What is zanamivir, and how does it work (mechanism of action)?
Zanamivir is an inhaled drug that is used for treating and preventing influenza (the "flu"). Zanamivir decreases the spread of influenza A and B viruses, the viruses responsible for the flu. It does this by blocking the action of neuraminidase, an enzyme produced by the viruses that enables the viruses to spread from infected cells to healthy cells. By preventing the spread of virus from cell to cell, the symptoms and duration of influenza infection are reduced. On average, zanamivir reduces the duration of symptoms by one day if treatment is started within forty-eight hours after symptoms begin.
- The FDA approved zanamivir in July 1999.
- The brand name for Zanamivir is Relenza.
- Zanamivir is available over-the-counter (OTC).
What are the side effects of zanamivir?
The most frequent side effects are:
Other important side effects include:
- increase or decrease in appetite,
- sinusitis, and
- ear; nose; and throat infections,
- skin reactions,
- muscle or joint pain,
- allergic reactions,
- bronchospasm, and
- behavioral disturbances.
Patients with respiratory diseases may experience breathing problems when treated with zanamivir due to irritation of the breathing tubes by the particles from the inhaler. If breathing problems occur, zanamivir should be discontinued. Patients who have asthma or other breathing problems that make them sensitive to inhaled particles should have a fast acting, inhaled bronchodilator available to treat any breathing problem that may occur when zanamivir is used.
What is the dosage for zanamivir?
Zanamivir is administered by oral inhalation. The recommended dose is two inhalations (5 mg per inhalation) twice daily (approximately 12 hours apart) for five days. Two doses (separated by at least two hours) should be administered on the first day of treatment. For best results, treatment should begin as soon as symptoms develop. The recommended dose for prevention of influenza in a household setting is 10 mg once daily for 10 days. The recommended dose for preventing influenza in a community setting is 10 mg once daily for 28 days.
Which drugs or supplements interact with zanamivir?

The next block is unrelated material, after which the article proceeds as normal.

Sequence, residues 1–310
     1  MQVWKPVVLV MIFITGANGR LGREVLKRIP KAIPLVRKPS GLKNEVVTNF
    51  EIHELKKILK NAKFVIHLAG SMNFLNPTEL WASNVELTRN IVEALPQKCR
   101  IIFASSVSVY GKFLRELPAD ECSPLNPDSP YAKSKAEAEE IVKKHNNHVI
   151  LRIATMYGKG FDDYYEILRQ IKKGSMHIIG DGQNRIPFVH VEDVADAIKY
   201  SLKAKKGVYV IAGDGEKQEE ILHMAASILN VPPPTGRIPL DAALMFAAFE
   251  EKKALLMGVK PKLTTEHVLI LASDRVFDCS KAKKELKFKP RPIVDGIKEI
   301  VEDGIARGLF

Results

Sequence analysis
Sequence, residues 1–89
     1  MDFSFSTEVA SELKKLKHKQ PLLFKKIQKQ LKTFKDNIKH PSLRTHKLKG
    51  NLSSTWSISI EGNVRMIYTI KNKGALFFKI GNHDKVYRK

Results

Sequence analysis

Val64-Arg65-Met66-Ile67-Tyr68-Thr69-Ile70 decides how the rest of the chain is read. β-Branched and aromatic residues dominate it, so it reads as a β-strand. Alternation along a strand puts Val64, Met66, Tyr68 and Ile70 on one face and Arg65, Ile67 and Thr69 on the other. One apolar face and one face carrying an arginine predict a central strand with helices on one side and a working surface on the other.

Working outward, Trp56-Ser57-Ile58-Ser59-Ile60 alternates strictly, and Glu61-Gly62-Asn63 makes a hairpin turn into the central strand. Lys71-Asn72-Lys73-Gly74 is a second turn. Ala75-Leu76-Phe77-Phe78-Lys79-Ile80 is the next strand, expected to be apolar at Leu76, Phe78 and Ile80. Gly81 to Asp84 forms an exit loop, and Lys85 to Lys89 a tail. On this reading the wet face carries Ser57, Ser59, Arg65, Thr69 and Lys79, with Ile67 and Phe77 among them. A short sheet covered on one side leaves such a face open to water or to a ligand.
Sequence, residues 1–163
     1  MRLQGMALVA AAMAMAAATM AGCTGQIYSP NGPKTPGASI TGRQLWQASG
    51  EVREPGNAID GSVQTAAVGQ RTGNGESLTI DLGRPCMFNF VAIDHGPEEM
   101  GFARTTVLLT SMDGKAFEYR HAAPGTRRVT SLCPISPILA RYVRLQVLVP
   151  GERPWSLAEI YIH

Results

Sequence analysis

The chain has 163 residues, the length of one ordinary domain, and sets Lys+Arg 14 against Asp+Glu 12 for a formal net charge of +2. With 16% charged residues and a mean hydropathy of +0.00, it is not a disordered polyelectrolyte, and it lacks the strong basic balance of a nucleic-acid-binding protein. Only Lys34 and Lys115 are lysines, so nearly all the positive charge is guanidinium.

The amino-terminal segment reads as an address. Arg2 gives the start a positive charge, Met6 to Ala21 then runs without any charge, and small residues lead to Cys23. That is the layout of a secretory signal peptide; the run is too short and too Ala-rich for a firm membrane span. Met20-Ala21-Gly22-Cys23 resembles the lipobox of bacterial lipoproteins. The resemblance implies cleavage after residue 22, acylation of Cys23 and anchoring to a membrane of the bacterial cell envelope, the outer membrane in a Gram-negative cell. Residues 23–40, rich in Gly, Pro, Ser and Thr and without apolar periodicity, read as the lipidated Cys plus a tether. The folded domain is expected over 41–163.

Zanamivir potentially may interfere with the action of injections of live attenuated flu vaccine because zanamivir prevents viral replication. Therefore, live attenuated flu vaccine should not be administered from 2 weeks before to 48 hours after administration of zanamivir. Trivalent inactivated influenza vaccine can be administered while using zanamivir.
Is zanamivir safe to take if I'm pregnant or breastfeeding?
Zanamivir (Relenza) is a prescription inhaled medication used to treat and prevent the flu (influenza)including H1N1 (swine flu). Zanamivir (Relenza) decreases and suppresses the spread of influenza A and B viruses (to include H1N1 or swine flu. Side effects, drug interactions, warnings and precautions, and patient information should be reviewed prior to taking any medication.
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Related Disease Conditions
Influenza (flu) is a respiratory illness caused by a virus. Flu symptoms include fever, cough, sore throat, runny nose, headache, fatigue, and muscle aches. The flu may be prevented with an annual influenza vaccination.
Bird Flu (Avian Influenza, Avian Flu)
Bird flu (avian flu, avian influenza) infection in humans may result from contact with infected poultry. There is a vaccine to prevent human infection with the H5N1 strain of the avian flu virus.
Swine Flu (Swine Influenza A [H1N1 and H3N2])
Novel H1N1 influenza A virus infection (swine flu) is an infection that generally is transferred from an infected pig to a human, however there have been reported cases where infection has occured with no contact with infected pigs. Symptoms of swine flu are "flu-like" and include fever, cough, and sore throat. Treatment is generally with the antibiotics oseltamivir (Tamiflu) or zanamivir (Relenza).
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You are encouraged to report negative side effects of prescription drugs to the FDA. Visit the FDA MedWatch website or call 1-800-FDA-1088.
Relenza FDA Prescribing Information.
CDC.gov. What You Should Know About Flu Antiviral Drugs. September 17, 2013.